I shall deal with the comments of my hon. Friend the Member for Glasgow, Anniesland (John Robertson) about the importance of music, whose protection and promotion we have sought to achieve. Amendment No. 99 would mean that Ofcom did not have to consult on a request for a departure from the character of a service where the departure would not substantially alter the service's character. However, if the departure would substantially alter the character of the service, Ofcom would have to consult on the proposed departure before it could agree to it.
That is one very specific area in which the position of music is safeguarded. That has again been a matter of some considerable debate and interest during the Bill's passage. I hope that I can reassure my hon. Friend the Member for Glasgow, Anniesland and the House about the strength of the safeguards to secure music as part of the wide range of broadcasting genres, whether on television, on radio, and particularly where his interests lie, in relation to local radio.
Lords amendment: No. 56, in page 249, line 11, leave out paragraphs (a) and (b).
Tessa Jowell: We have listened carefully to the arguments advanced in debates in both Houses about the subject of the Channel 3 news provider. The amendments are our response to that debate. They will lift most of the ownership restrictions on the Channel 3 nominated news provider and remove the Ofcom nomination process for that body. That will mean that ITV can own its own news provider, but must still function as a single body corporate in order to maintain the desirable level of independence.
The remaining ownership restrictions are intended to ensure that a body that could not hold the Channel 3 licence or have a substantial interest in the holder cannot provide the news service. So the main restrictions are as follows: any body banned from owning a Channel 3 licence under part II of schedule 2 of the Broadcasting Act 1990for instance, that includes political bodieswill be similarly restricted from being or having an interest in the Channel 3 news provider; and any body, such as a major newspaper, that is prevented from owning a Channel 3 licence is also prevented from owning its news provider and restricted in the interests it can hold in the news provider.
The quality provisions remain in place and require that Channel 3 national news continues to be able to compete with other national news services. They also provide for Ofcom to approve the appointed news provider contract to ensure that it is adequately funded. In order for Ofcom to guarantee that the required arrangements are in place and work effectively, the amendments ensure that Ofcom can obtain the information it needs from ITV or the appointed news provider. If Channel 5's audience share becomes broadly equivalent to that of Channel 3, it will be possible to create a Channel 5 scheme comparable to the appointed news provider scheme for Channel 3. We will be able to modify by order the quality and ownership provisions of the Channel 3 system and any Channel 5 scheme.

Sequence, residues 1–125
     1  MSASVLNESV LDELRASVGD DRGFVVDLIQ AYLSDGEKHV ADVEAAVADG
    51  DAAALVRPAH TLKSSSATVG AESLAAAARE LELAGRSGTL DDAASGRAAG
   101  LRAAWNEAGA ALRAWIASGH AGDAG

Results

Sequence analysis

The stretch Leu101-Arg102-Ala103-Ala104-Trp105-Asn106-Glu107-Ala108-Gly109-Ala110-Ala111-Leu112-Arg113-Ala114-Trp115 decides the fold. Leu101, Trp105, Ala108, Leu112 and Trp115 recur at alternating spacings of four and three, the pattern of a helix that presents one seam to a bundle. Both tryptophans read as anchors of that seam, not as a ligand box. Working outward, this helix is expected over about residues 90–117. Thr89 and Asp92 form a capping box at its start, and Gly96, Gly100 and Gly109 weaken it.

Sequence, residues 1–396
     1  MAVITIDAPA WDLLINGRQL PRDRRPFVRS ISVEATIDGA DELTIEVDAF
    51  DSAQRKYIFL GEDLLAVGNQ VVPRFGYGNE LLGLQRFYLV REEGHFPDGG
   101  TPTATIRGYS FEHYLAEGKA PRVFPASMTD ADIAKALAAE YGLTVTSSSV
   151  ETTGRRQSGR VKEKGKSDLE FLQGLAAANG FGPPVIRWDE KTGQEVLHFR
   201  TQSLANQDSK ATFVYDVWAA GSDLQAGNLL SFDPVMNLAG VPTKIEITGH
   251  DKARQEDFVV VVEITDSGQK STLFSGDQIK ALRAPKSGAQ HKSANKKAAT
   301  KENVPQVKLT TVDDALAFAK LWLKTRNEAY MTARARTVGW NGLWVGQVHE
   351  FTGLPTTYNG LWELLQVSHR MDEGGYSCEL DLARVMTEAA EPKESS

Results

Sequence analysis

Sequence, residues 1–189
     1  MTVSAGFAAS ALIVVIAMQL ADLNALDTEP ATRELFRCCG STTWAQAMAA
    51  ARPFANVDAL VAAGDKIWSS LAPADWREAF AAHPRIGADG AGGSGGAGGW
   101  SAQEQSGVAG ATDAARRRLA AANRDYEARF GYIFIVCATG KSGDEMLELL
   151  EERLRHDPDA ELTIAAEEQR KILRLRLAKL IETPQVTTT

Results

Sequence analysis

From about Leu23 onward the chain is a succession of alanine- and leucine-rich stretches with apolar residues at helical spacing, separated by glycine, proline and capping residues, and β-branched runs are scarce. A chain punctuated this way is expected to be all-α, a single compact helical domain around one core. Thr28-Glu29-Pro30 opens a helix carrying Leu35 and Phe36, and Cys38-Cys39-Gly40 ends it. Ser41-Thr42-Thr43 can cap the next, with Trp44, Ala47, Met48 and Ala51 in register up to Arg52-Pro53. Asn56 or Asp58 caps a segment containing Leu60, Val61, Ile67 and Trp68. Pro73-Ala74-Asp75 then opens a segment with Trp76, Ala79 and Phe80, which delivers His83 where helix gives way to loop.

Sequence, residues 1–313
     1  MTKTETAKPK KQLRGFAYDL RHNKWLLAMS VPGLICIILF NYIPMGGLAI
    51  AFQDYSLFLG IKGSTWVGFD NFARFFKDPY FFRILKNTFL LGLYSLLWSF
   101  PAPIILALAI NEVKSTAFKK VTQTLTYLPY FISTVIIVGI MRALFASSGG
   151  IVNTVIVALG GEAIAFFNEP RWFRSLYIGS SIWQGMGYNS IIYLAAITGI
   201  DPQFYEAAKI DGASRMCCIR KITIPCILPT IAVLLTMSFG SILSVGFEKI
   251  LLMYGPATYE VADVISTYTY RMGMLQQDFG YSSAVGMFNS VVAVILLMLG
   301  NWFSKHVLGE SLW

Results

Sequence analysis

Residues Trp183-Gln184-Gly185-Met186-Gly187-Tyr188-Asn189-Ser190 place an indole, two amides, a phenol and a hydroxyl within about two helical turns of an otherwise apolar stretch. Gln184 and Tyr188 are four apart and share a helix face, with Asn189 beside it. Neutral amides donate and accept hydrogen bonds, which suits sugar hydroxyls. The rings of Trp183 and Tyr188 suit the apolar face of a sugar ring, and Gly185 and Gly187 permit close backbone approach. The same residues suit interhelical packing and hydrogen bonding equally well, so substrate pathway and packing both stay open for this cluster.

Mr. Whittingdale: In debating the previous group of amendments, I suggested that we might have saved some time if the Government had listened in Committee, rather than resisted our ideas before going to the House of Lords and conceding those points. In reply, the Secretary of State said "Let's not have any more of that", but if ever there is going to be any more of that, it will be in relation to the group of amendments that we are now considering.
The amendments introduce the most important change that the Opposition have managed to achieve in relation to the Bill, and it will undoubtedly benefit ITN and ITV. It is worth reflecting on the history of this matter. The nominated news provider system and the cap on ownership were established back in 1990. Such an arrangement was arguably right at that time, but over the past 14 years, it has become a handicap to ITN.
Brian White: Does the hon. Gentleman not accept that the arguments for nominated news providers came from ITN itself, which advocated the system as one or two people in the company thought that they could make some fast money?